Bravo Company's CO Gives Advice

by Richard Dieterle

A Dopey Idea. One night we were sitting on an LZ - I don't recall which one, and we were feeling pretty safe, as we considered LZs to be the rear. I was visiting some of the guys at other bunkers on the perimeter of the LZ. We were engaged in our usual leisure activities which included reminiscing about The World, when someone jumped in and warned us that Bravo Company's CO was making the rounds of our bunkers. First Platoon of A Company was set up adjacent to B Company, so their CO was not too far from his own command. No sooner had we put away everything that we thought unfit for his eyes, he dropped into our bunker. He was completely new and I don't think he had been in the field but a few days and his naivete had been a source of humor. Now it was obvious that he was excited about something and was anxious to get it out, so we listened with eager anticipation for the Wisdom of Lieutenants. "Now listen up," he said in a tone of voice in which gravity and excitement competed equally for salience, "I expect at any time now we will be under heavy attack!" We all raised our eyebrows simultaneously, wondering to ourselves just how he could know such a piece striking intelligence. "There's been a heavy smell of marijuana coming from our perimeter. Before they attack, the gooks get hopped up on that stuff, so if you smell it, it means they are getting pretty close to launching their assault. You men will want to keep on 100% alert tonight." We gravely growled, "Yes sir!" as he left the bunker, and once he was gone we all had a good laugh. Needless to say, we didn't hear a peep from the enemy, in the words of the comic strip character Pogo, "We have met the enemy and he is us." We, and probably most everyone else on the perimeter, were the ones smoking pot. We had created so much smoke that the CO could smell it from his position nearer the center of the LZ. I had never known the enemy to smoke pot, as none was ever found on the body of an enemy soldier to my knowledge.

Something for Us to Think About. APRIL 22, 1968 — On another occasion, not long afterwards, we met up with this Lieutenant again. We had joined up with Bravo Company and the rest of the battalion to execute a rare battalion size operation. A Company was in front and I myself was only about three or four back from the point man. The night before we had set up on a mountain top in heavily forested and mountainous country. That morning we were beginning to wind our way down its slope, headed for the mountains opposite us. There was the Lieutenant from Bravo Company, just off to our left standing on rock outcropping which he was using as a podium to address his men. He was saying such things as (and I do not remember his exact words), "I want you men to keep your eyes open for booby traps! If you get careless, you'll find yourself with a stump of hamburger for a leg! You could get your guts blown out, and let me tell you, you don't want to be laying there looking at your guts scattered out all over the ground!" He glanced over at us, the people who were really pulling point, and I barked back, "Do you mind?" It struck me as stupid to try to scare the hell out of the point man when he was responsible for setting the pace. Besides, what did he know? He was still a cherry. Had he succeeded in scaring his own people, I don't know how aggressive they could be expected to behave if we did make contact.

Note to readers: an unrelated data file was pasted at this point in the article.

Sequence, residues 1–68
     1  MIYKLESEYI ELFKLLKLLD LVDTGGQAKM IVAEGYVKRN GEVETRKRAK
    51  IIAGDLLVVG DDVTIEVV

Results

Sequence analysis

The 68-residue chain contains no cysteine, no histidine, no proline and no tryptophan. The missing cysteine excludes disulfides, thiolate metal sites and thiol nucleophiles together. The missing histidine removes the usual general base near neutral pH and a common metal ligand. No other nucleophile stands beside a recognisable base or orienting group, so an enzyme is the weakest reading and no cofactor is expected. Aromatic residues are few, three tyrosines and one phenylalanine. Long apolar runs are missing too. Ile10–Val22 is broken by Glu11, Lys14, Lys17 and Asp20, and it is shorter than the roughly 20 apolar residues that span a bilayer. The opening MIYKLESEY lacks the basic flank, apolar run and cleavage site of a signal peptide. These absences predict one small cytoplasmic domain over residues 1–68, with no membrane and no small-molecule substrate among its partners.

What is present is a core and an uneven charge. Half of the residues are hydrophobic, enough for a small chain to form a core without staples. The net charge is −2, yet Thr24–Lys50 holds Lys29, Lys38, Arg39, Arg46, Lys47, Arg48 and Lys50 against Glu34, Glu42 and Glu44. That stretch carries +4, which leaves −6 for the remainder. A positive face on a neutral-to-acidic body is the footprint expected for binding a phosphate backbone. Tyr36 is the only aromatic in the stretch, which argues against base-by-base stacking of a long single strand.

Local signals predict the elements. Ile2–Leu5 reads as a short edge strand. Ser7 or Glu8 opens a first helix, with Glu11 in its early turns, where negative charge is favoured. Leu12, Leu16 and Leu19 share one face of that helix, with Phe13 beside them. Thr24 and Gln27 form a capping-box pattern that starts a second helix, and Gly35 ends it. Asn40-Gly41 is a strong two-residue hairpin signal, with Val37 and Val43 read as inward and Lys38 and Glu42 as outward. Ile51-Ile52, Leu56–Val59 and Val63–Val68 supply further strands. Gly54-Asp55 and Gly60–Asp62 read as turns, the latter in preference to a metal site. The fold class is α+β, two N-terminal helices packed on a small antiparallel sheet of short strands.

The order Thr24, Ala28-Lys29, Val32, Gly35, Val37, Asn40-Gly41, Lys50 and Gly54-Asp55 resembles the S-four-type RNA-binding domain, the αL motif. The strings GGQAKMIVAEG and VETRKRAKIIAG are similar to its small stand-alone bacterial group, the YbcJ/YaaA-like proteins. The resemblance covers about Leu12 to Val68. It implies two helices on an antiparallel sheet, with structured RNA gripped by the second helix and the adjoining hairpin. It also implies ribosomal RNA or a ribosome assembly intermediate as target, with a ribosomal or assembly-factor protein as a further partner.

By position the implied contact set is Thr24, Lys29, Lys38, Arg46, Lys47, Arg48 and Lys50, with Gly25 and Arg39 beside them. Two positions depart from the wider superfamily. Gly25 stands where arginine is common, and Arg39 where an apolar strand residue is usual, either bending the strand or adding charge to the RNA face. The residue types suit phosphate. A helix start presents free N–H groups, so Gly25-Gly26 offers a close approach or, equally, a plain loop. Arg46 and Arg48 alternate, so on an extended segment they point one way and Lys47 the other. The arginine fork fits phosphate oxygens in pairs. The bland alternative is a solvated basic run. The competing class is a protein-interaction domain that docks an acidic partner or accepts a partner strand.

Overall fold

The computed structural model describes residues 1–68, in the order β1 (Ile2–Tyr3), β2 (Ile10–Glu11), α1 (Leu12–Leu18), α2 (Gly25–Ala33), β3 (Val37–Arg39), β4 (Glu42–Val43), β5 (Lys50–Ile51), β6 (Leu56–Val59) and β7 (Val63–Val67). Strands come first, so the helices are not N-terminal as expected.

The only other memorable thing that happened on the hump up the side of the mountains opposite us was that when we reached an opening where we had a really good view of the whole area, Gunzaules came by and asked me if I would like to get rid of a piece of ordnance here. The item in question was a LAW anti-tank rocket. I don't remember why we were getting rid of it, but I volunteered to fire it off. I stood there alone and put the LAW on my left shoulder (I am left handed) and aimed for a distant point below and squeezed down on the trigger. It seemed as if something exploded right next to me, as the firing of the rocket was about as loud as its impact. Several seconds after this deafening bang I could hear a distant noise as the rocket exploded far away in the valley below.